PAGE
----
2100350901 Image representing cover of Animal, Vegetable, Miracle: A Year of Food Life 2100351001 Photo of Barbara Kingsolver March/April Pick 2009 :: SFPL :: San Francisco Public Library Mobile
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March/April Pick 2009

Image representing cover of Animal, Vegetable, Miracle: A Year of Food Life Animal, Vegetable, Miracle: A Year of Food Life

by Barbara Kingsolver

Animal, Vegetable, Miracle: A Year of Food Life, from bestselling novelist, Barbara Kingsolver, will open your eyes in a hundred new ways to an old truth: You are what you eat.

Part memoir, part journalistic investigation, Animal, Vegetable, Miracle makes a passionate case for putting the kitchen back at the center of family life and diversified farms at the center of the American diet. “This is the story of a year in which we made every attempt to feed ourselves animals and vegetables whose provenance we really knew . . . and of how our family was changed by our first year of deliberately eating food produced from the same place where we worked, went to school, loved our neighbors, drank the water, and breathed the air.”

The San Francisco Chronicle says the book…“might persuade readers to return to the soil, or put down new roots in rural communities. But you don't have to be a budding farmer to appreciate this book. You might come away from Kingsolver's memoir more aware of what you're putting into your body, where you shop and how you cook in your kitchen.”

With characteristic poetry and pluck, Barbara Kingsolver and her family sweep readers along on their journey away from the industrial-food pipeline to a rural life in which they vow to buy food raised only in their own neighborhood, grow it themselves, or learn to live without it. Their good-humored search yields surprising discoveries about the sex life of turkeys and overly- zealous zucchini plants, en route to a food culture that's better for the neighborhood and also better on the table.

For On the Same Page, the Library has purchased the 2008 Perennial trade paperback edition. It is also available at the Library as an unabridged audio book in CD format.

Book Reading Groups

Merced Book Club 2009: Join us for a lively discussion of Barbara Kingsolver’s Animal, Vegetable, Miracle: A Year of Food Life.

Wednesday, April 22, 2009, 6:30–7:30 p.m.
Merced Branch Library
155 Winston Drive (at 19th Ave.)
(415) 355-2825

Lunch-time Book Club: Join us on Tuesday, April 14th at noon as we discuss Animal, Vegetable, Miracle: A Year of Food Life by Barbara Kingsolver. Meetings are every other month. Feel free to bring a lunch, snack or beverage with you! Sign up for the book club and get a 15% discount on the featured title as well as insight and advance information on all book club happenings at Books Inc.

Of course, you can also bring your copy checked-out from SFPL to the discussion! Books Inc. in Opera Plaza 601 Van Ness Avenue (415.776.1111) presents a bimonthly lunch-time book club in conjunction with the San Francisco Public Library: On the Same Page.

Photo of Barbara Kingsolver About the Author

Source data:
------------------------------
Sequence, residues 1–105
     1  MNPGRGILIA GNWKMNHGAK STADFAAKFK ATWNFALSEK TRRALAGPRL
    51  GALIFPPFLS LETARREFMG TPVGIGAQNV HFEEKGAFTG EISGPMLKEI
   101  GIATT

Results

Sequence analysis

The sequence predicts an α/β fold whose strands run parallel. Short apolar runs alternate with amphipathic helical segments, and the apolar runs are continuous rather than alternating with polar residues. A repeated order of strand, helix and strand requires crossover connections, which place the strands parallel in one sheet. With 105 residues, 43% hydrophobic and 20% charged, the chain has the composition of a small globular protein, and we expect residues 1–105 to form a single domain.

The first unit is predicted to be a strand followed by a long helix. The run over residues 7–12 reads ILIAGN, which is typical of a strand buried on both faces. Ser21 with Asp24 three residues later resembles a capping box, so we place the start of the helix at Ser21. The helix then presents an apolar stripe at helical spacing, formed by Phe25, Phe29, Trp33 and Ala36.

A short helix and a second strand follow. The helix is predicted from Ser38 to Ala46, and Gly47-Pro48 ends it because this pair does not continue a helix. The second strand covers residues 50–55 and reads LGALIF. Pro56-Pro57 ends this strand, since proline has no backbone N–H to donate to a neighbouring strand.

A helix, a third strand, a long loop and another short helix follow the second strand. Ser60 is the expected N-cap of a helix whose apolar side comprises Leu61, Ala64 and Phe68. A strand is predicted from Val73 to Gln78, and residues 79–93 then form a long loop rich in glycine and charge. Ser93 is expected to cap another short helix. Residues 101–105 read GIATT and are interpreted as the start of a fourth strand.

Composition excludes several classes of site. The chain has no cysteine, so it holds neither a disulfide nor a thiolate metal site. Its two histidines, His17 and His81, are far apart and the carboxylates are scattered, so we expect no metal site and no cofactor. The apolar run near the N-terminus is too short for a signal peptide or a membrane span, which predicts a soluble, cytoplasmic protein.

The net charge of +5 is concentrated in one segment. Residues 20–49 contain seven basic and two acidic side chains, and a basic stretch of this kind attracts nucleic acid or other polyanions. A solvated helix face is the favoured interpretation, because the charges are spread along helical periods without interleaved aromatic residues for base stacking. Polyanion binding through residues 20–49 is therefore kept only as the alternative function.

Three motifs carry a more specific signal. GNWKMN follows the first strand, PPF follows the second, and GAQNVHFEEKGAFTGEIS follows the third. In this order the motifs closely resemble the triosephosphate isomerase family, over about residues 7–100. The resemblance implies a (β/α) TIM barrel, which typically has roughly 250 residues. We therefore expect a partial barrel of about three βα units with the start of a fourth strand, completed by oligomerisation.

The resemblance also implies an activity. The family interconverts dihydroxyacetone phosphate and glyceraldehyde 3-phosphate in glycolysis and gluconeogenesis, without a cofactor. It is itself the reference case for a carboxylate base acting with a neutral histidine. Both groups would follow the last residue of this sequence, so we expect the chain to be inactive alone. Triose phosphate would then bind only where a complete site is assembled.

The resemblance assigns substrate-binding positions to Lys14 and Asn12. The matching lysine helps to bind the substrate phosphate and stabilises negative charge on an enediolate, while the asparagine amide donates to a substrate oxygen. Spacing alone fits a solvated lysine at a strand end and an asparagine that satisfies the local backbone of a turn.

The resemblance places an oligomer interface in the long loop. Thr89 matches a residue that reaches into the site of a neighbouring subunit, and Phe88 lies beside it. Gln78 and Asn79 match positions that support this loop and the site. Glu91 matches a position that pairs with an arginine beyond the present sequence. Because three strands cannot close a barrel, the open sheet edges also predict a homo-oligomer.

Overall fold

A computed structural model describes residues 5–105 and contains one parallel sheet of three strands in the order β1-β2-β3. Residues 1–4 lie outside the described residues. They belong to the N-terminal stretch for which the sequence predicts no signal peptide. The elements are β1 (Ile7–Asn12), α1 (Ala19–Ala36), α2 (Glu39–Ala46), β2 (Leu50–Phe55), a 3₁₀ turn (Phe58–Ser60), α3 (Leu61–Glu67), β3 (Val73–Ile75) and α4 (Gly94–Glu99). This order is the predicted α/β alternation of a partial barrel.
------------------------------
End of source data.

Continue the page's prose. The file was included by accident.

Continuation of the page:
Barbara Kingsolver was born in Annapolis, Maryland and grew up in Eastern Kentucky. Her articles have appeared in a number of publications, including The Nation, The New York Times and Smithsonian magazines.

Her first novel, The Bean Trees, published in 1988, is about a young woman who leaves rural Kentucky and finds herself living in urban Tucson. Since then, Kingsolver has written the short story collection, Homeland and Other stories and Another America, a bilingual Spanish and English poetry collection, as well as several other novels, including Animal Dreams, Pigs in Heaven, The Poisonwood Bible—which was shortlisted for the Pulitzer Prize and PEN/Faulkner Award—and Prodigal Summer.

Her nonfiction work includes HighTide in Tucson: Essays from Now or Never—for which she was awarded an Honorary Doctorate of Letters from her alma mater, DePauw Universit. Kingsolver again turned to nonfiction in 1996 with Holding the Line: Women in the Great Arizona Mine Strike of 1983, and in 2002 with an essay collection, Small Wonder. In 2000 she received the National Humanities Medal, our nation's highest honor for service through the arts.

Reviews

“Kingsolver takes the genre to a new literary level; a well-paced narrative and the apparent ease of the beautiful prose makes the pages fly. Her tale is both classy and disarming, substantive and entertaining, earnest and funny...More often wry than pious...this practical vision of how we might eat...is as fresh as just-picked sweet corn.
Publishers Weekly (starred review)

“With... assistance from her husband, Steven, and 19-year-old daughter, Camille, Kingsolver elegantly chronicles a year of back-to-the-land living with her family in Appalachia…Readers frustrated with the unhealthy, artificial food chain will take heart and inspiration here.”
Kirkus Reviews

Animal, Vegetable, Miracle, might persuade readers to return to the soil, or put down new roots in rural communities. But you don't have to be a budding farmer to appreciate this book. You might come away from Kingsolver's memoir more aware of what you're putting into your body, where you shop and how you cook in your kitchen. Then, too, you might see, more clearly, the choices facing humanity that concern the survival of our species, the continued existence of plants and animals and the health and well-being of the Earth itself.”
San Francisco Chronicle

Of Related Interest

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